An important research paper on China’s bailout lending was released before the I.M.F. and World Bank spring meetings. It’s by Sebastian Horn of the World Bank, Parks, Carmen Reinhart of Harvard’s Kennedy School of Government and Christoph Trebesch of the Kiel Institute for the World Economy in Germany. It said that “the Chinese government has created a new system of international rescue lending, which has not yet been documented or studied.”
The rescue lending system is new because it’s the first time China has had to worry about foreign loans going bad. It’s learning lessons that the United States absorbed decades ago. “We see historical parallels to the era when the U.S. started its rise as a global financial power, especially in the 1930s and after World War II, when it used the U.S. Ex-Im Bank, the U.S. Exchange Stabilization Fund and the Fed to provide rescue funds to countries with large liabilities to U.S. banks and exporters,” the paper said.
Americans came to realize that going it alone was not in their long-term interest. They were happy to have the I.M.F. be the bad cop. It’s the I.M.F. that insists that nations curb food and fuel subsidies, for example, to qualify for loans.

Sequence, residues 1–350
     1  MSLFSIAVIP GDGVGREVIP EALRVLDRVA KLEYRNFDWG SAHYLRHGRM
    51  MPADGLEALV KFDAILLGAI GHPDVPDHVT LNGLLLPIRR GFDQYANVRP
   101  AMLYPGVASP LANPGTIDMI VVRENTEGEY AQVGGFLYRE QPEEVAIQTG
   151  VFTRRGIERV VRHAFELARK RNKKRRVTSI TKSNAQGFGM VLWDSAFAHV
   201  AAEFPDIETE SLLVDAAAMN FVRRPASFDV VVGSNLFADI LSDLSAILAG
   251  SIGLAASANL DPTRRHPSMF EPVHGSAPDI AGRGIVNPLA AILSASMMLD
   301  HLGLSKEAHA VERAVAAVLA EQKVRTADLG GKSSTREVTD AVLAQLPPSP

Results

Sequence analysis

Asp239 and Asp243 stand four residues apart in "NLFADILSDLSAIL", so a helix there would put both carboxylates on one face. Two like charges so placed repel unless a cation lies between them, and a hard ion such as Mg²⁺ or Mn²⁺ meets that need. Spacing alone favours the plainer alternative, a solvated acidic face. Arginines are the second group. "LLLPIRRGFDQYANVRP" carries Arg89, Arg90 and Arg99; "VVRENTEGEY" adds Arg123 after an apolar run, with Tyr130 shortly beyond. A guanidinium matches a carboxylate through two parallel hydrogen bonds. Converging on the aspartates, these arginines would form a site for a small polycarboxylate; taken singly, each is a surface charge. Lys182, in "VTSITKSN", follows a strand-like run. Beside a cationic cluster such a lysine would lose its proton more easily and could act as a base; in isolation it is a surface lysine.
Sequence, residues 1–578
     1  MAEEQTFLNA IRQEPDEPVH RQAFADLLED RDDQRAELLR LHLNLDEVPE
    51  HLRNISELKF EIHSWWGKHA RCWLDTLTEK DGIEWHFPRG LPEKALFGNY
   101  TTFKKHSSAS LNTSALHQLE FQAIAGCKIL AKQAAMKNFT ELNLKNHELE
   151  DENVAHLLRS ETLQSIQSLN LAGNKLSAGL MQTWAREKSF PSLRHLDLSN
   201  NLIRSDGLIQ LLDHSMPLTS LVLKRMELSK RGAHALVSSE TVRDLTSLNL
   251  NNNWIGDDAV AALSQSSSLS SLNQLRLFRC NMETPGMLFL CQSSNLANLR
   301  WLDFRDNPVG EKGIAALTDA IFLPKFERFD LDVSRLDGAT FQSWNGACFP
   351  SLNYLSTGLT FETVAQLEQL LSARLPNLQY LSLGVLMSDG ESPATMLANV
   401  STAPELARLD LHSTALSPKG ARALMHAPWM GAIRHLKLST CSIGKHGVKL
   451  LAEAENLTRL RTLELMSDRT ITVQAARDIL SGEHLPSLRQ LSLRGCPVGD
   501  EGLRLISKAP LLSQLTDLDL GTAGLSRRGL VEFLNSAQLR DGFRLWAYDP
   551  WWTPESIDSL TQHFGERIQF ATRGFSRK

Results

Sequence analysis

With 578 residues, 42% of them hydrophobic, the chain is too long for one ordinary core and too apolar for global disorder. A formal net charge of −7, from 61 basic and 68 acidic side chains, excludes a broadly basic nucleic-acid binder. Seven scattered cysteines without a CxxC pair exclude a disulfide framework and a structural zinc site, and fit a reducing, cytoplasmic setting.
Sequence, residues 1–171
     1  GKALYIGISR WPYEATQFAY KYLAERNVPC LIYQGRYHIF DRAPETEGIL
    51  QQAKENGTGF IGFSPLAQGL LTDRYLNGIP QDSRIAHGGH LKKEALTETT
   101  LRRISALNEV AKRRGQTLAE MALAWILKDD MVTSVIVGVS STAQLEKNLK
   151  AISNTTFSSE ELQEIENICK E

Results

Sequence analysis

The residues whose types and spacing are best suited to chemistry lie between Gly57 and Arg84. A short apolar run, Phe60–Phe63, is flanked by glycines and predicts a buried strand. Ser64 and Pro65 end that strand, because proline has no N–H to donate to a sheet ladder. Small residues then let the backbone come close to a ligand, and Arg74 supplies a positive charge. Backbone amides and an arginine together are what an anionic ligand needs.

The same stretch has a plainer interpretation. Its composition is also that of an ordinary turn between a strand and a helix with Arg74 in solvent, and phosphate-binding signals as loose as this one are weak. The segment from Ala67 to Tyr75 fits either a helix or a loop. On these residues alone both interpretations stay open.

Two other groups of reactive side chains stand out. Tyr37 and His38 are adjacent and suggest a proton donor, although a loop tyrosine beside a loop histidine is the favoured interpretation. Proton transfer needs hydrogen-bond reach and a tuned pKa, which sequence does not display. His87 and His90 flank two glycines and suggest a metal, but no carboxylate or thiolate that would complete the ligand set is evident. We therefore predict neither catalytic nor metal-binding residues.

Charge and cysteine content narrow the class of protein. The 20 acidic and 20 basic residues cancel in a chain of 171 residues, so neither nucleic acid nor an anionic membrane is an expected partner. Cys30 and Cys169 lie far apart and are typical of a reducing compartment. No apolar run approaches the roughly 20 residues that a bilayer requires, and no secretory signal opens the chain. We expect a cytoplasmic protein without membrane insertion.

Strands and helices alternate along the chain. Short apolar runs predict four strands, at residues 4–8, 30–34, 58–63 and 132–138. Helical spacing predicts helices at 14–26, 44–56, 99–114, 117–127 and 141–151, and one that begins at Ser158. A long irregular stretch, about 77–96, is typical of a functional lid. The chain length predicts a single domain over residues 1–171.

The authors seemed torn over how things will play out. “Over time,” they wrote optimistically in the conclusion, “these ad hoc activities by the U.S. developed into a tested system of global crisis management, a path that China may possibly pursue as well.” But the last sentence hit a minor chord. It noted that Saudi Arabia, the United Arab Emirates and Russia also made rescue loans in opaque ways: “These developments may indeed foreshadow a deeper shift towards a more multipolar and fragmented international financial architecture.”
Elsewhere: Back to Work
The exodus from the labor force caused by the Covid-19 pandemic prompted lots of thought pieces in this newspaper and elsewhere about detachment from work, variously known as the Great Resignation, the lying flat movement and the age of anti-ambition. Well, look what’s happening now: In February and March, the share of Americans ages 25 to 54 who are either working or looking for a job matched the recent peak of 83.1 percent that it reached in January 2020, just before the pandemic struck.
The Biden administration’s Council of Economic Advisers celebrated the participation rebound in a blog post on Monday. “The swift but lagged response of labor supply to surging demand suggests that with time workers do respond to favorable economic conditions,” the post said. On the downside, as the chart shows, the 25-to-54 rate is still well below where it was in 2000. And the rate for all adults hasn’t gotten back to its prepandemic peak, thanks mostly to baby boomer retirements.
Quote of the Day
“For decades after World War II, big American companies bent over backward to distribute their profits widely. In General Electric’s 1953 annual report, the company proudly talked about how much it was paying its workers, how its suppliers were benefiting and even how much it paid the government in taxes.”
— David Gelles, a reporter for The New York Times, in an interview about his book “The Man Who Broke Capitalism: How Jack Welch Gutted the Heartland and Crushed the Soul of Corporate America — and How to Undo His Legacy” (June 5, 2022)